Though the average benchmark premium for Affordable Care Act (ACA) exchange plans in 2020 declined, there’s plenty of regional variability in premium costs, according to a new analysis.
Researchers at the Kaiser Family Foundation (KFF) compared data from insurer filings to state regulators, state exchange websites and the federal exchange HealthCare.gov. They found that overall, the average unsubsidized premiums for the lowest-cost bronze, silver and gold plans decreased by about 3% for the 2020 plan year.
However, what individual consumers see hit their wallets varies based on their income, the plan level they choose and where they live, according to the report. Average premiums are set to increase in certain counties—Carroll, Tennessee, for example, will see benchmark premiums rise 487% from $33 to $195.
“For consumers to know how much they will pay, they must return to Healthcare.gov or their state’s exchange each year and carefully consider their options,” the researchers wrote.
The analysts found that insurers are continuing to embrace so-called “silver loading” in the absence of cost-sharing reduction (CSR) payments, which were halted by the Trump administration in 2017.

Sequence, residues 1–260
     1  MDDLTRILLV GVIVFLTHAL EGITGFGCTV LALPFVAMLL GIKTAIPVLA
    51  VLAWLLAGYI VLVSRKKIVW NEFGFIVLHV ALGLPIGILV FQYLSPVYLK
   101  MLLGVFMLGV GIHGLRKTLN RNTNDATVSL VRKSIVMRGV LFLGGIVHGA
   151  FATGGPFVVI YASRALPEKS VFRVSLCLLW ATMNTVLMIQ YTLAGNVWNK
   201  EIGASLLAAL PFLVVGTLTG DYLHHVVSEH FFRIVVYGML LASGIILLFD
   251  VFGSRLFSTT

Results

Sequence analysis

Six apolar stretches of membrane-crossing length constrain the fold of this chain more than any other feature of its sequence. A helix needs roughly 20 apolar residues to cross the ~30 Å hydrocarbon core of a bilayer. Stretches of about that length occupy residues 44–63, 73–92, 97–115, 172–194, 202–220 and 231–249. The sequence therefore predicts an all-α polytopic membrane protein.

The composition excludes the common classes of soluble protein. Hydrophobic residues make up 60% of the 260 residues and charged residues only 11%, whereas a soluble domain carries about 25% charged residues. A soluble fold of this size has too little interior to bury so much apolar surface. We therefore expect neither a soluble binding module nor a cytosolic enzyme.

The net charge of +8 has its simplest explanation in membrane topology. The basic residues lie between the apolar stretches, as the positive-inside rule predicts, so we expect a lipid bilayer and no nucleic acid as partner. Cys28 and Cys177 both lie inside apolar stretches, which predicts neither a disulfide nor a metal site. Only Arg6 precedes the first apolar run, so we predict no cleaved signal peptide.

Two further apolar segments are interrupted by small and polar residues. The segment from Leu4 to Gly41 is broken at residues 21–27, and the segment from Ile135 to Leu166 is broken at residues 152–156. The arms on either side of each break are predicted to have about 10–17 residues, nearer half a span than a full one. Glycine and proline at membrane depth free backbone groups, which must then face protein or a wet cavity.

The practice was insurers’ response to the end of CSRs, in which they put most premium increases on silver plans that are used to determine federal subsidies, creating an alternative path to reduced cost sharing.
The Centers for Medicare & Medicaid Services have eyed policy changes that would prevent payers from engaging in silver loading but didn’t pull the trigger for the 2020 plan year. Agency officials also indicated they’re open to a legislative solution that reinstates CSR payments.
As a result of silver loading, a number of potential exchange enrollees would qualify for zero premium bronze plans instead, according to the KFF report. Many people who qualify for exchange subsidies would also have the option of a “free” bronze or gold plan but would exchange the lack of premium for other cost sharing, the report said.
Silver plans with lowered cost sharing are typically the highest-value option for subsidized enrollees, the analysis said.
“Low-income consumers will need to consider whether it makes sense to purchase a metal level other than silver, as a lower premium plan may come with significantly higher deductibles, copays or coinsurance,” the researchers wrote.